With the season barely underway, it's already creeping close to January 25th deadline for teams to extend players.
There are several players under consideration for an extension right now. Some are looking for bigger paydays ahead.
Here are eight players who may or may not extend before the trade deadline but will be getting some massive bucks.
Raymond Felton wants to be in Portland, which has to be a relief to the Trail Blazer faithful.
They [Blazers officials] know I want to be here,” Felton told HOOPSWORLD. “I’ve told them that and we talked about it earlier in the summer so they know that already. I love it here in Portland. I want to be here leading the team. I feel like we have a winning team here, so hopefully we can get something done.
Felton is a rising star, albeit an underrated one in the NBA. Everywhere he's gone he's done nothing but help his team win. He promises to fetch somewhere in the $8-10 million range.
Portland should lock him up and lock him up soon.
JaVale McGee might not be the most mature player in the league, and occasionally we see him do silly things, like dunk-contest dunks with his team losing.
That being said, he's one of the most gifted, athletic seven-footers in the league right now. In a league where the similarly talented DeAndre Jordan just got a $10 million deal, it's not a stretch to think that McGee could get the same.
As of now, the Wizards have not opened up talks about an extension, but they have until January 25 to do so.
Roy Hibbert is looking for an extension. According to David Falk, Hibbert's agent,
"I'm not saying 100 percent we wouldn't do (an extension), but I'd say it's likely," Falk said Friday. "He likes Indiana, it's a great place, it's worked out well. But it's my opinion that generally, these things are hard to do. If I was an owner I wouldn't do one unless I got a discount ..."
Hibbert is a talented center whose game is still growing. He plays both sides of the ball well, and that's a rare commodity in today's NBA.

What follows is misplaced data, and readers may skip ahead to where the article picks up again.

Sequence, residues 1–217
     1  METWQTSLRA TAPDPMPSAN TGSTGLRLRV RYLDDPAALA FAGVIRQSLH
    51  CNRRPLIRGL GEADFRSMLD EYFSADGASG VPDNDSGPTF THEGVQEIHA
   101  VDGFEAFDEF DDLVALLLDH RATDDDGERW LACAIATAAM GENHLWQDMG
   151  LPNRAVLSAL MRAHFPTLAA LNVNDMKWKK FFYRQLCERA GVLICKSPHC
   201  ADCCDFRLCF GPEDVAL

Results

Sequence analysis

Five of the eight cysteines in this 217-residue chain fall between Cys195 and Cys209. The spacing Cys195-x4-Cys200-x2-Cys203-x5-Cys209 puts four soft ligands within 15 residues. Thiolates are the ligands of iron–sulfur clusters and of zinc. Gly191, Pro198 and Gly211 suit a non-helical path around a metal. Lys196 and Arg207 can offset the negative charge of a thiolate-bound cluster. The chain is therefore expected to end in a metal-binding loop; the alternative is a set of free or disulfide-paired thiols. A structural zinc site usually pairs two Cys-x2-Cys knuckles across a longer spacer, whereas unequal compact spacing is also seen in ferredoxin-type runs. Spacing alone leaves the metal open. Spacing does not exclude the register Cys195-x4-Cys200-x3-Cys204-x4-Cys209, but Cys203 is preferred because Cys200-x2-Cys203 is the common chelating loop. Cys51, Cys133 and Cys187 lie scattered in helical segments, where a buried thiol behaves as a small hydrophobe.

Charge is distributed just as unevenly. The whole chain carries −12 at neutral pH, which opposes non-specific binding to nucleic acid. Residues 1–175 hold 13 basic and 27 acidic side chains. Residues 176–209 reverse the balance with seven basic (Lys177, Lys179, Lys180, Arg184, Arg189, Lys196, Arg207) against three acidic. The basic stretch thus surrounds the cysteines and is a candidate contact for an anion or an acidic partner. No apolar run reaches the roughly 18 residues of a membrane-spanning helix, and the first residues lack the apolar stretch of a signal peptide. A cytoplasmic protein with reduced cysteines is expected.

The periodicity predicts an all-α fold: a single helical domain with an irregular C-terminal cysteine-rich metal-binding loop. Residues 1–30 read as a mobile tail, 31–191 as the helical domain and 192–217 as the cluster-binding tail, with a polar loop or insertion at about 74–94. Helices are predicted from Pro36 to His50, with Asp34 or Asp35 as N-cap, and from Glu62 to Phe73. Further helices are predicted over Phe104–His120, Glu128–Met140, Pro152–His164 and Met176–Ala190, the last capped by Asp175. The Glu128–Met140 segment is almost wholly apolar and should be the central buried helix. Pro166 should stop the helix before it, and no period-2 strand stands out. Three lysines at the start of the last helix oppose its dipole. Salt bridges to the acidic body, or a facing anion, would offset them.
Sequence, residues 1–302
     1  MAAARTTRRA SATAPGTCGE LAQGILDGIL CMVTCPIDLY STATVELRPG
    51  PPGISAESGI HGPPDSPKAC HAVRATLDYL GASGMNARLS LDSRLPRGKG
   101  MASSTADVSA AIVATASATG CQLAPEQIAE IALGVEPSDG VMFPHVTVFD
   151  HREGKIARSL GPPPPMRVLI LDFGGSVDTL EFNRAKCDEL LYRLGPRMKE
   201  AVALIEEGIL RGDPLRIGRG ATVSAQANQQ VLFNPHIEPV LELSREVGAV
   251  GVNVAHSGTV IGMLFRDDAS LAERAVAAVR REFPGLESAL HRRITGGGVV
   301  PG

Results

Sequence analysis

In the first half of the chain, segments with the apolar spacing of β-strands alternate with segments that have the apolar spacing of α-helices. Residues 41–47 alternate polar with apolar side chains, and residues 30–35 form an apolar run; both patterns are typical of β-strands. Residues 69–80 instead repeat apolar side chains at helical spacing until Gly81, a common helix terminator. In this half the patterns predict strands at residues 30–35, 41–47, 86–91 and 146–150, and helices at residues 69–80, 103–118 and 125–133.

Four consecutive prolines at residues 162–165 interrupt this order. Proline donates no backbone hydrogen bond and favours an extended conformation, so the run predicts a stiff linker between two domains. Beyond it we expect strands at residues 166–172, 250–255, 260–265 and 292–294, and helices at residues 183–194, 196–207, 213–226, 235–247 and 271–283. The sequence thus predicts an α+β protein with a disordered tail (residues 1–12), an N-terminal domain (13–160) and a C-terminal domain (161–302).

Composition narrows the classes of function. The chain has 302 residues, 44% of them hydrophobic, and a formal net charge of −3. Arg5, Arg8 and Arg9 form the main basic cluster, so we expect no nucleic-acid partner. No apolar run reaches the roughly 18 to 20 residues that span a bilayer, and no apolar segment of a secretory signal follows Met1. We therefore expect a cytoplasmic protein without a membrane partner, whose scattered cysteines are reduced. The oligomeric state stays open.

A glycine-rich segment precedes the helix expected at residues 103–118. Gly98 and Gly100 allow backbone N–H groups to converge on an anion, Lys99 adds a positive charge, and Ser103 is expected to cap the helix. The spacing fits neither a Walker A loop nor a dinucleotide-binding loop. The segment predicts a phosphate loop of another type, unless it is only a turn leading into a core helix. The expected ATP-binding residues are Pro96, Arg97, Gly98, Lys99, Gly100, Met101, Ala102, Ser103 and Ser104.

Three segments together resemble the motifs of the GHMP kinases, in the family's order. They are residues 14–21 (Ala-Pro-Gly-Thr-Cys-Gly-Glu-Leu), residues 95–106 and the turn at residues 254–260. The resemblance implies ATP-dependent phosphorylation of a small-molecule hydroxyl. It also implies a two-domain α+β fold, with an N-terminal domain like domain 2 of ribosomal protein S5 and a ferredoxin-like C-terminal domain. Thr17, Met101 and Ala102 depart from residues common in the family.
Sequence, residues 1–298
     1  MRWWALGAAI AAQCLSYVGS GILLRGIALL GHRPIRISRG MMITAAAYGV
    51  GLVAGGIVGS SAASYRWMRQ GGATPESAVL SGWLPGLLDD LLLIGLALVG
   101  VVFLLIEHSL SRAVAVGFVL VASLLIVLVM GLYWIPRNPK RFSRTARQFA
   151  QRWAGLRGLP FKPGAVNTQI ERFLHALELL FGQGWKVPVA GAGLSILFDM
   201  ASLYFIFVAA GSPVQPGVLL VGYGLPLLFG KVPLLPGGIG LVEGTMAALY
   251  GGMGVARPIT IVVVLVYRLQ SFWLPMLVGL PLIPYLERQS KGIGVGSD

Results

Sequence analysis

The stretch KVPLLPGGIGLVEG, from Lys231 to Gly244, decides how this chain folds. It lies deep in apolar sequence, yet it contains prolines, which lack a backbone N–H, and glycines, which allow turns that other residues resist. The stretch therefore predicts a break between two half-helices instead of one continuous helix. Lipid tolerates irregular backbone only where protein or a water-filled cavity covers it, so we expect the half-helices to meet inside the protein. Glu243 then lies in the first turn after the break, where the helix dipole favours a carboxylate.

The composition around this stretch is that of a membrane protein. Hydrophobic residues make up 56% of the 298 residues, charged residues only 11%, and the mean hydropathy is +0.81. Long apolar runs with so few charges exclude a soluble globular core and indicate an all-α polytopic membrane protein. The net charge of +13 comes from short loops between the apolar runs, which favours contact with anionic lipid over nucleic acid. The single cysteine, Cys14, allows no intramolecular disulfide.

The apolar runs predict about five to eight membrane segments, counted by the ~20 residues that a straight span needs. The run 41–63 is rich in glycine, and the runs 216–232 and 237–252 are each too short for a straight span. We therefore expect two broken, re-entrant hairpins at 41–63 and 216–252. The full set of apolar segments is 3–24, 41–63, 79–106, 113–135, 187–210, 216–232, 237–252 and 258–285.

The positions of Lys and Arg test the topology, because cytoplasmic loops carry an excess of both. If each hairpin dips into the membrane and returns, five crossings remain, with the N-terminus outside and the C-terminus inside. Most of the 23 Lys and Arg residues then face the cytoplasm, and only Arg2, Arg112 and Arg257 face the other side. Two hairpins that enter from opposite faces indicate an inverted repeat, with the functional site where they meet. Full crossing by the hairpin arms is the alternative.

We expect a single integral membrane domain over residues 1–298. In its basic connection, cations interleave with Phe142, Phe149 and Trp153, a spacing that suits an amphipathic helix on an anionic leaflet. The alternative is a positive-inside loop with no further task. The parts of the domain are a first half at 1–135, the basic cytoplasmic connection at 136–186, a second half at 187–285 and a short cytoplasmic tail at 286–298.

Eric Gordon was the major trade piece the New Orleans Hornets got in return for their franchise point guard, Chris Paul (which, if you're keeping track, that's two players with two first names each).
According to David Aldridge of NBA.com,
Gordon is in a tough position; with the Hornets currently owned by the NBA, the likelihood of the league okaying a major financial commitment to anyone before the team is sold (Commissioner David Stern maintained last month that that could happen by the spring) is iffy -- especially considering how the league insisted on young, inexpensive players as part of the Chris Paul deal. (Not to mention the fact that the team's other "owners" -- the 28 other teams -- weren't all that happy when New Orleans acquired Carl Landry and his salary last year at the trade deadline.) And Gordon might be reluctant to re-up with New Orleans until the team is sold, if at all. But the two sides are "working on it," a source texted Sunday night.
With all the trouble the Hornets went through to get Gordon, though, it's hard to imagine they don't do everything they can to keep him.
The Portland Trail Blazers were hoping that Gerald Wallace would exercise his $11.437 million extension. That's not going to happen. Rather, he's going to opt out.